Christopher March Sr. wrote: “The car is the 1962 Lincoln continental bubble-top limousine for President Kennedy. This was one of the fourth generation (1961-69). It has a 300-horsepower engine.”
Lloyd B. Schnuck Jr. wrote: “The 1961 Lincoln Continental presidential limo, SS 100X, that Kennedy assassinated in. It is in the Henry Ford Museum.”
Joe Bert said: “You have picked a very historical automobile. They had the special parade convertibles, and in 1963 that was President Kennedy’s automobile of choice and tragically, 50 years ago (today) that’s what he was riding in in Dallas, and the rest is history. That Lincoln had four doors in the convertible model and the front two doors opened up routinely and the back two doors opened suicide-style. And it’s just an awesome car.”
Jim Muraski wrote: “I believe this to be the presidential convertible that John F. Kennedy was riding in when he was assassinated in Dallas.”
NORTH AUGUSTA: Ted Wasserlein wrote: “After researching the license number, I will go with the Lincoln Continental JFK rode in when he was assassinated.”
Also, Ronnie Atkins.
PERRY, FLA.: Larry Anderson wrote: “This week’s auto is a piece of American history. It’s JFK’s presidential limo. In fact, the pic you have, is it in a motorcade (Dallas)? Armor plating increased the weight to over 7,000 pounds. But the Lincoln’s 430-cubic-inch engine was strong enough to handle the weight. What’s so sad is all the armor plating in the world didn’t do any good with the top off. I know everyone in my generation (boomer) remembers where they were that day. A terrible day in history, and let’s all hope it never happens again.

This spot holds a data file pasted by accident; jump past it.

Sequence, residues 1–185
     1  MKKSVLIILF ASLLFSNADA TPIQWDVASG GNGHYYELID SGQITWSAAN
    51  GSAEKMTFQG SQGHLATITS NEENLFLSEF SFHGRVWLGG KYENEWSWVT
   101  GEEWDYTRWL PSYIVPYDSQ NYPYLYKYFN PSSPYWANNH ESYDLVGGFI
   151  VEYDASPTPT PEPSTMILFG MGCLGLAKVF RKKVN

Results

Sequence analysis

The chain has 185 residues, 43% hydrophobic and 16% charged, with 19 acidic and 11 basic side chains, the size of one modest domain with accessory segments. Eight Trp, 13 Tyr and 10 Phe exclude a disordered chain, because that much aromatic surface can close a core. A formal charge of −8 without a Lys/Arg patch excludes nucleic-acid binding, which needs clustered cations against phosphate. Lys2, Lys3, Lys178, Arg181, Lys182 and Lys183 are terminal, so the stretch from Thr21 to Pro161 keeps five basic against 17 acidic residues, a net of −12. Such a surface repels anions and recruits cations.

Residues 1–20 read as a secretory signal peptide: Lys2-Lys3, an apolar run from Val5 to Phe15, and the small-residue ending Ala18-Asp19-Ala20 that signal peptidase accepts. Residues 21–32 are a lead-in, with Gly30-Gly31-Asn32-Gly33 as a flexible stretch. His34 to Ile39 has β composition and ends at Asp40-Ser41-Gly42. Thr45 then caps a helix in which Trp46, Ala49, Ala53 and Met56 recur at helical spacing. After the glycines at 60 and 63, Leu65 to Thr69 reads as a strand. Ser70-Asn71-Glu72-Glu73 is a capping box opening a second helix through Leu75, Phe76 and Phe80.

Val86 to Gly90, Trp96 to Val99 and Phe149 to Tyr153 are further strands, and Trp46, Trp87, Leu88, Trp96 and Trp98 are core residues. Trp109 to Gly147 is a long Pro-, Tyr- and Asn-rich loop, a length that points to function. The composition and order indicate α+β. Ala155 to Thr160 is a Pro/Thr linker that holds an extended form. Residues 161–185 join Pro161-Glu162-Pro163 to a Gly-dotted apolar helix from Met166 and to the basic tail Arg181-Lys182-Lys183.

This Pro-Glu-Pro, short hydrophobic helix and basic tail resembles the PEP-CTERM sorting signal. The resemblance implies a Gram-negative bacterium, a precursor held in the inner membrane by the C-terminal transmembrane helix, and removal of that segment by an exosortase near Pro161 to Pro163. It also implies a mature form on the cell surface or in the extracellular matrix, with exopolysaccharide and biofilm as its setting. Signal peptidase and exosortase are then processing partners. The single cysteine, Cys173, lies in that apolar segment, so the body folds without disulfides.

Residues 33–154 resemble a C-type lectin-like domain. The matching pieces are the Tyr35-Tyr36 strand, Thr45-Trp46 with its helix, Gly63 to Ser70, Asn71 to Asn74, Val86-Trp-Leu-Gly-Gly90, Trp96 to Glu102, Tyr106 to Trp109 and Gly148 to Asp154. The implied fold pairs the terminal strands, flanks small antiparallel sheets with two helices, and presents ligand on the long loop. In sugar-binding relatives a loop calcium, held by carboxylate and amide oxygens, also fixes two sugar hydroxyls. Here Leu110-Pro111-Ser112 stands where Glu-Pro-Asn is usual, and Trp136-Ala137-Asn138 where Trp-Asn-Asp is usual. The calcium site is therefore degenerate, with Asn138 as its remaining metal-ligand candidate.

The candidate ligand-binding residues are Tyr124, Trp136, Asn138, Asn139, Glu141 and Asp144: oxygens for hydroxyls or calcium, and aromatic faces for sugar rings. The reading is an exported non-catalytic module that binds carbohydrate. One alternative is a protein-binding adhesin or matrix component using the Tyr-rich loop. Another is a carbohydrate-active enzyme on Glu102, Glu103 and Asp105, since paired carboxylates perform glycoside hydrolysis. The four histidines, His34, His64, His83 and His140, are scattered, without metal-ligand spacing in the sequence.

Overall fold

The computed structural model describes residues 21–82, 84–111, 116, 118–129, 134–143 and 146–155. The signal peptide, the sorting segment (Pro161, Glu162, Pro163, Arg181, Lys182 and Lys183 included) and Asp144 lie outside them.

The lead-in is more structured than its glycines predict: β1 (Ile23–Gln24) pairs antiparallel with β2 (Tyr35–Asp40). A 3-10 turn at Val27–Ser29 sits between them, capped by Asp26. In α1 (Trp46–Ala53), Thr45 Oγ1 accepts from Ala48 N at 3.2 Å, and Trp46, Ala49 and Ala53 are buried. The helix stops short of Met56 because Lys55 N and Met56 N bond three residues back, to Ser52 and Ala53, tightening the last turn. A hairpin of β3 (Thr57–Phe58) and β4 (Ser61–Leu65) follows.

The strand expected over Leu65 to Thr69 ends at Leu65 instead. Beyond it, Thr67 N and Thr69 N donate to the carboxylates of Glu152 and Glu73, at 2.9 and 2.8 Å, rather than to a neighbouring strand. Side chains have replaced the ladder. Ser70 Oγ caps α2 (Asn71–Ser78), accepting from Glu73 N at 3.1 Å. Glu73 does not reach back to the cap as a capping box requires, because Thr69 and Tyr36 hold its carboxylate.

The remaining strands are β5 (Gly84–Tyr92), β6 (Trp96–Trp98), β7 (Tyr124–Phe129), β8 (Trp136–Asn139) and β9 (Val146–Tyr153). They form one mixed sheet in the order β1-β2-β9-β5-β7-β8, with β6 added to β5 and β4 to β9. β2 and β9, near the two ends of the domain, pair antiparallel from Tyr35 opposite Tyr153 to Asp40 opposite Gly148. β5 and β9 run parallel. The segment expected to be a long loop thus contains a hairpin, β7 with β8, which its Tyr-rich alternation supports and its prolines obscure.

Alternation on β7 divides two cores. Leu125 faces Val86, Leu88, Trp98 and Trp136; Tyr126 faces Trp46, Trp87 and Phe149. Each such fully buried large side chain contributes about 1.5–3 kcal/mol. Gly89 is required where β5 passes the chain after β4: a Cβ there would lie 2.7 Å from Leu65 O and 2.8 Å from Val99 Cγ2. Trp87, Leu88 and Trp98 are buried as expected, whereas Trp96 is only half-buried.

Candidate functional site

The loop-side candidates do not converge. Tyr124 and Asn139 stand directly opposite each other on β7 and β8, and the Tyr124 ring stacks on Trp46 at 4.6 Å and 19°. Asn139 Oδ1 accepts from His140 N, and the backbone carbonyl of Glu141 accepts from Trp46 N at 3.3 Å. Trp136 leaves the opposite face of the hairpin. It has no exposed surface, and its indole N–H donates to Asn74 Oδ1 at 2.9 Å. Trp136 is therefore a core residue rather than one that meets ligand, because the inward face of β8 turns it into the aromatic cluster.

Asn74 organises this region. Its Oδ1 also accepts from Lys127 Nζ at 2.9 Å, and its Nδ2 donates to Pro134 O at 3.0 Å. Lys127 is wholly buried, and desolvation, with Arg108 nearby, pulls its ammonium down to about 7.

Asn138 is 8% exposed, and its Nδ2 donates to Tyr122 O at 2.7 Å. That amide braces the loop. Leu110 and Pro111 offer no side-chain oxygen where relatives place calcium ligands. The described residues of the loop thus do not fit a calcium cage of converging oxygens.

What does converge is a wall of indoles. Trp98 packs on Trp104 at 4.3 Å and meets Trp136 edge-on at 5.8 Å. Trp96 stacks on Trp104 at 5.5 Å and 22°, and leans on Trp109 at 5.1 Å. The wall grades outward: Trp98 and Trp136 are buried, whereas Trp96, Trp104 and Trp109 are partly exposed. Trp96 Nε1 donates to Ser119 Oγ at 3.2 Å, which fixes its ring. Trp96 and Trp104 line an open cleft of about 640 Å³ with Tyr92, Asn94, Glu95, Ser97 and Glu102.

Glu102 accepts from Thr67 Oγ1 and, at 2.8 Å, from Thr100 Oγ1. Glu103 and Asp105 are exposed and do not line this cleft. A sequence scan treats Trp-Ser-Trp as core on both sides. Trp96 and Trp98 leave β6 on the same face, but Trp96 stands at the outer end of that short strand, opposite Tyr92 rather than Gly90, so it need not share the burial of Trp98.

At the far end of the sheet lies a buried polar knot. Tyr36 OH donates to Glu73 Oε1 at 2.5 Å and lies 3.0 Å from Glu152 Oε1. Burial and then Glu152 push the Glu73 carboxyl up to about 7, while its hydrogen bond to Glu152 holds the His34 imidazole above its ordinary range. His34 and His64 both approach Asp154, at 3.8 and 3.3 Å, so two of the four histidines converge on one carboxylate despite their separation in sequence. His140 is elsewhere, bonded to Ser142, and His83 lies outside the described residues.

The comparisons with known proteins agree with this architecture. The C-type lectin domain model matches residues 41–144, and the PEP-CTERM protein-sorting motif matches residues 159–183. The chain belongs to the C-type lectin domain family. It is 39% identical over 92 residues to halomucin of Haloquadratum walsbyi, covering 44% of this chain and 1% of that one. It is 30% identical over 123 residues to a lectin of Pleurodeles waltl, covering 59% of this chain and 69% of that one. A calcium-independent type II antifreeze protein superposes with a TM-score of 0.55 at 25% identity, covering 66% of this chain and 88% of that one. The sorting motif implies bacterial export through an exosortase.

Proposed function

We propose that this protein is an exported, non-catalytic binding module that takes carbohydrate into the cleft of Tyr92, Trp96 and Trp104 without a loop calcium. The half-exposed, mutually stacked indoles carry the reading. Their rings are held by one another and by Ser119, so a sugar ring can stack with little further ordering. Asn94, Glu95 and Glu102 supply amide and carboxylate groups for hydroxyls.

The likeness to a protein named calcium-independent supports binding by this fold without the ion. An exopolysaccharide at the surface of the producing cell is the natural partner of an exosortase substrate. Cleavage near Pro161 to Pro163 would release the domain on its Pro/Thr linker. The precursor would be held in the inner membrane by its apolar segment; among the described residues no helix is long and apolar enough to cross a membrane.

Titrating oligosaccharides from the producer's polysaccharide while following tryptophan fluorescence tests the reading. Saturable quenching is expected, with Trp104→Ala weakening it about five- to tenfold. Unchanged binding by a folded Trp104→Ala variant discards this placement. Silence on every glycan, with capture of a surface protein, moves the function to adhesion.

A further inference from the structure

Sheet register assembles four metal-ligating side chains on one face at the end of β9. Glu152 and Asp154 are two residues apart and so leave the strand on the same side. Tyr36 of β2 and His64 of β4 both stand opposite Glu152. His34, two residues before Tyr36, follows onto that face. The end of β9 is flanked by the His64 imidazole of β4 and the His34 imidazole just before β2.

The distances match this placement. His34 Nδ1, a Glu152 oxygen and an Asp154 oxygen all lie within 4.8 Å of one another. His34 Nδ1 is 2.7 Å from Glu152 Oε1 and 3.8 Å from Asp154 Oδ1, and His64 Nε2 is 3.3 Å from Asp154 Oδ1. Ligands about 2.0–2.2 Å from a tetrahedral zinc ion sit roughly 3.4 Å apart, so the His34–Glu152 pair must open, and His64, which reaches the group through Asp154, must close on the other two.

“Someone asked me a long time ago to name three things that kind of defined or was something that my generation remembered from the ’60s. I would say that it would be Kennedy’s assassination, The Beatles on Ed Sullivan and, of course, the Vietnam War.”
WARRENVILLE: James Covar said: “That is the 1961 Lincoln Continental that President Kennedy was in the day he got killed in Dallas in 1963.”
WATKINSVILLE, GA.: Joe Arp wrote: “The car appears to be the Lincoln Continental that JFK was riding in when he was shot and killed 50 year ago. Do you remember where you were when you heard the news? I was in Mrs. Weeks’ freshman English class at West Fannin High School in Blue Ridge, Ga. I remember Mrs. Weeks’ tearful announcement to the class, and that school was dismissed early that day.”
WAYNESBORO, GA.: Ken Huff.
NO CITY LISTED: Sonny Tucker said it was the “1961 Lincoln Continental convertible known as SS-100X.” Bernie Oliphant said the Continental had suicide doors and some came with a hard top. Also, Jerry Miller.